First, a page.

When was the last time you were validated?

   Usually it happens with my family. Watching my daughter play the guitar or the piano and sing in front of her school makes me feel like I had nothing to do with that and yet there she is in a place in her life where she is confident enough to do that. Also, watching my oldest son designing something on a graphic’s program that is incredibly cool. I think to see your kids exceed what you believe you’re able to do and to amaze you is the greatest validation. It’s not a validation of anything that I have done or that my wife has done, but it’s a validation of that as a family something is at least is working.

   In work, I was very lucky to get to make a movie last year called Super 8 that Steven Spielberg produced and although I was terrified I was going to disappoint someone who was my idol, to work with him and have him react positively was a moment.

   Everyday, I work with an incredible group of people and to be able to see them do a good job, and again its not that I feel a personal validation as if what they did was my doing, but it’s validation of a unit functioning. It’s less about an achievement of my own and more of a group effort that has moments when someone gets to peak and do well. I feel proud to be involved in an organization that has moments of greatness.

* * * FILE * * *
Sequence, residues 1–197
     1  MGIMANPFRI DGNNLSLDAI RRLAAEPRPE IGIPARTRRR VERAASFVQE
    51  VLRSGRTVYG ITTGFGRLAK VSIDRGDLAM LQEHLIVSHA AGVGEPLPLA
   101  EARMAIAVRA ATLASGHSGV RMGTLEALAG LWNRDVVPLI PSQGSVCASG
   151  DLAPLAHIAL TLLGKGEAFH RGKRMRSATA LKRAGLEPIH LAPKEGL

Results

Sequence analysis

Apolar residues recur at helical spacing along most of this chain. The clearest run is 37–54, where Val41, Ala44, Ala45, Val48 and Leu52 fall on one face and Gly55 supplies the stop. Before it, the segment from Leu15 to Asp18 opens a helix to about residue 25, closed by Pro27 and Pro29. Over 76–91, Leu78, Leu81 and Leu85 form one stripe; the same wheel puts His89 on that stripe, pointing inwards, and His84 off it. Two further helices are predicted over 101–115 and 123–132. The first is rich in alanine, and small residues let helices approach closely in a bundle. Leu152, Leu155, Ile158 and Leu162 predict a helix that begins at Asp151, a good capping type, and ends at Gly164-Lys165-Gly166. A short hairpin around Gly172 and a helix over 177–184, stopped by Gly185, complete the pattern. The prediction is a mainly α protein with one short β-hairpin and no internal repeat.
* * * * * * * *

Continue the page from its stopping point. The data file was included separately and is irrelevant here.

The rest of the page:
Tell me about the moment when you knew you were exactly where you are meant to be, doing the exact work you are meant to be doing?

   There have been moments when I felt like this is great and I feel really at home. But I will say, that those moments are also to be sure, bookended by moments of utter panic and feelings of complete horror and how the hell did I get here “ness.” I remember feeling really good when we were filming the first Star Trek. I was in the zone, I knew what I was doing, I had a great crew and cast. And I also vividly remember feeling on the set one day, “holy shit, this is a an utter disaster. I don’t know how to shoot this scene at all. I’ve made every wrong choice…” And not to say that either one of those feelings are right. It’s a little bit like being in a relationship when there may be a day and you feel like I am so in love with this person and then there are days when you’re like oh my god this is an utter disaster. And truthfully, time will prove out that you can’t really judge a life experience in any moment, its all an aggregate. Just like every one person is a combination of traits and attitudes. The person who is the most generous and kind and funny can also be someone who has personality traits that are repellent to you. In every situation, even when you feel like I’m kickin’ ass, at the same time, give it a minute, you’re going to have doubts. And if you don’t have doubts, then you’re not taking risks and something special won’t come out of it.

If you were to think of your life as a class, what would you say has been your greatest lesson learned?

   I think the title of the class would be “Trust Your Own Voice”, and the subtitle of the class would be, “Listen to Others.”

Source: InDeep